ARTS ALMANAC: Show offers intimate portraits in XX-large

By Kathleen Mellen

Even when she first started work two years ago on her latest project – an exhibit of nine gigantic portraits – photographer Susan Mikula knew she would need to find a really big venue for the show. She surprised nearly everyone, she says, when she chose the unlikely setting of the 4-H Exhibition Hall at the Three County Fairgrounds in Northampton. The photos in the exhibit measure 9 feet long and are as high as 11 feet. ‘They are meant to be viewed from a distance of at least 20 feet,’ Mikula offered.

‘I wanted [the exhibit] to be monumental in the true sense of the word,’ Mikula said. ‘The only time you see humans this size – which is much bigger than life – they are selling something on signs and billboards. It’s not about who they are,’ Mikula said. ‘Here, I’m really getting something of that person in that big, washing-over-you kind of way.’

Mikula chose to work in portraiture – a new genre for her – because it offers a way to glimpse something both personal and emotional in her subjects. The largeness, she says, enhances that. ‘There is some small piece of themselves coming through huge. It’s what makes a portrait a portrait.’

Through a process that leaves the camera shutter open for an extended period of time, Mikula has achieved a ghostly quality that gives the illusion of an aura around her subjects. Because of that, and the size of the pieces, Mikula says, they are unreadable at certain angles, or if the viewer is too close. ‘My work is largely abstract, it can take time for people looking at it to figure it out,’ she added.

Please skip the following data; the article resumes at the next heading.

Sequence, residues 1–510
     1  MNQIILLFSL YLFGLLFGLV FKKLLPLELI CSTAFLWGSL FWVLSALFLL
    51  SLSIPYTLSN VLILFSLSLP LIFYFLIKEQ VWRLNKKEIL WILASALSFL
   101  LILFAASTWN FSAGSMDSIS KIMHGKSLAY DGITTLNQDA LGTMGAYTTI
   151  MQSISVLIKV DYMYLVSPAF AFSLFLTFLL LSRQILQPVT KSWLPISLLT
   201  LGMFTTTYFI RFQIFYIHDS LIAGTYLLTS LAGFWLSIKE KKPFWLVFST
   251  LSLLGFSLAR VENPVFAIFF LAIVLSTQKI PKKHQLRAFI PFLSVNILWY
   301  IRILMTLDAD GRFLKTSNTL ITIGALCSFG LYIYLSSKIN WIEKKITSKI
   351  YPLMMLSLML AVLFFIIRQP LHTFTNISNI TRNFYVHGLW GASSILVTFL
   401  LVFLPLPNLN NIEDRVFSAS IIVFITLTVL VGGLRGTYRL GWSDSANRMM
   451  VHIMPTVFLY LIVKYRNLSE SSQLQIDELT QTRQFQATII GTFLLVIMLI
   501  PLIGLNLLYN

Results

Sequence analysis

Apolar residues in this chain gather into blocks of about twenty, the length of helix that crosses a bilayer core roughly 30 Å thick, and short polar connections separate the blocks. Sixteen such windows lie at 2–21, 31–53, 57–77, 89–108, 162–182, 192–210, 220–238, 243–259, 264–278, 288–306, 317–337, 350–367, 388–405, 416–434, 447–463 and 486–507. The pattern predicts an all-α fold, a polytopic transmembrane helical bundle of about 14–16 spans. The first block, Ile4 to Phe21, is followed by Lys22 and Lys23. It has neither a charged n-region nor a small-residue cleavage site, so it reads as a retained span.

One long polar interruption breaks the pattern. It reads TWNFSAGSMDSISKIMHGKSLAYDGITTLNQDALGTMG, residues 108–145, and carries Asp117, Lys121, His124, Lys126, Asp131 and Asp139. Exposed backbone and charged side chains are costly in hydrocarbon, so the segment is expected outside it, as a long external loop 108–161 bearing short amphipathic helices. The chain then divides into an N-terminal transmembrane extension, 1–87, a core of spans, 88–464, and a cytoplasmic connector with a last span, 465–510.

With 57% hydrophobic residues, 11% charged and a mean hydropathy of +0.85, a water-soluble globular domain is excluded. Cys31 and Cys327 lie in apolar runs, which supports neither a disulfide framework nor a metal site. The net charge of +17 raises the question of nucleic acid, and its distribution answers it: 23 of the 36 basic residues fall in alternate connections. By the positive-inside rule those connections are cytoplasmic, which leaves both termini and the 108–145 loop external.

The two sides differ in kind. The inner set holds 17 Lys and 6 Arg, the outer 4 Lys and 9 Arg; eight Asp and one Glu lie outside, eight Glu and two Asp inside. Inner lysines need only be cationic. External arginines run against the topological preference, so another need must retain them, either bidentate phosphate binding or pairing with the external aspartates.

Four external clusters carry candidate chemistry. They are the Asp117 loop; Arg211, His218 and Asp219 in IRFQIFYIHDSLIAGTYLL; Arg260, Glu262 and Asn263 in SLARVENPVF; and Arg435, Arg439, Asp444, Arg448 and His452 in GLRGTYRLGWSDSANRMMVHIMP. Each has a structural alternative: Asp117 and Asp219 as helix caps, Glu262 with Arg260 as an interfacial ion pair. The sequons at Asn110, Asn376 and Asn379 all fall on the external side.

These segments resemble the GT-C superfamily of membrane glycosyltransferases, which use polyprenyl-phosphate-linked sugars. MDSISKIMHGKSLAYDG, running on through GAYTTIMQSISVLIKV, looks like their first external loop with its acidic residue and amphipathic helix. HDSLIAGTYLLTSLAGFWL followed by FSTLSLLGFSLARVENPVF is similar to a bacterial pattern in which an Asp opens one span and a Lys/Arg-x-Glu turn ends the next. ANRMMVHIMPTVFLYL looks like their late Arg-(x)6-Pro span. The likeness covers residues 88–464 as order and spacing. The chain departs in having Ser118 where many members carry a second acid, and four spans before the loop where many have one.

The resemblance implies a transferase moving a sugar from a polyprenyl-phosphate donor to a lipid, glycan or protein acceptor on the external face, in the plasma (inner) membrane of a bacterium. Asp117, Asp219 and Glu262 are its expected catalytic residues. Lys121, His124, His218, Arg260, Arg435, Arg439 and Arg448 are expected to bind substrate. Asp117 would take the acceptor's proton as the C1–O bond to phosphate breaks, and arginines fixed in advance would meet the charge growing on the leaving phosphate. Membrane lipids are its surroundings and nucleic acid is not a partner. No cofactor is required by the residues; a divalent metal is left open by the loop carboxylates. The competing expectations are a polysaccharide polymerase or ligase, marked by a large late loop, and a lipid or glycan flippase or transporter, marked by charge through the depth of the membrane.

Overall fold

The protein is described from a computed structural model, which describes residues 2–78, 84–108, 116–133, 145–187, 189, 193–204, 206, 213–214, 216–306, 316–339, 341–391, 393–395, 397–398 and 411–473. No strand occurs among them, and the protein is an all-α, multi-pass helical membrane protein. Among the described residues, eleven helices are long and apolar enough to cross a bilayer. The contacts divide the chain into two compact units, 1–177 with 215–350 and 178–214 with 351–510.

Mikula deliberately steered clear of a traditional art gallery setting, she says, to forestall preconceptions about how art should be viewed.

‘People tend to view art in the same way in a gallery. They come in, look around, spend a little time in front of each piece, and then walk on.’ The artist says she hopes the expansiveness of her exhibit – and the unlikely setting – will challenge that ‘learned way of looking at art.’ Plus, she adds, she likes the rustic setting at the fair, with its high ceilings, cement floors and brown wooden walls.

The two-year process has been an arduous one, Mikula says, especially for her subjects, for whom a sitting lasted about two hours.

‘They think sitting will be the easiest thing in the world, but it’s hard to have your picture taken,’ Mikula said. ‘First, I’m asking you to be 100-percent open and present. We talk, but some don’t want to talk. They want to focus,’ she said. ‘Then, I’m telling you very specific things to do with your body. If a hand is turned so only two fingers show – not five, at 9 feet tall, that’s going to show.’

Mikula estimates that she shot 5,000 full-frame, color portraits with two vintage Polaroid cameras, using available light, before turning some of those images over to Dave Dumas of Pivot Media in Florence, who digitized the pictures using a super high resolution scanner. Then, the final portraits were printed in Framingham on construction mesh. They will be hung with sturdy line attached to the ceiling and to sandbags on the concrete floor. Mikula says she hopes the enormous photographs don’t sway.

‘It will be the enemy of viewing this if it moves,’ Mikula said.

Indeed, the whole process has been one of trial and error. ‘You can plan and plan and plan. You think you know how it should be, but I’ve never done this before,’ Mikula said. ‘I suspect it will take eight hours to hang the first [portrait] and then eight hours to hang the other eight.’

Mikula admits to being a little nervous about the installation and has called upon several friends to help out, including her partner, Rachel Maddow, who will take a day off from her job Friday as host of an Air America Radio show in New York City to lend a hand.

‘If all she can do is calm me down, that’ll be a help to everyone,’ Mikula said.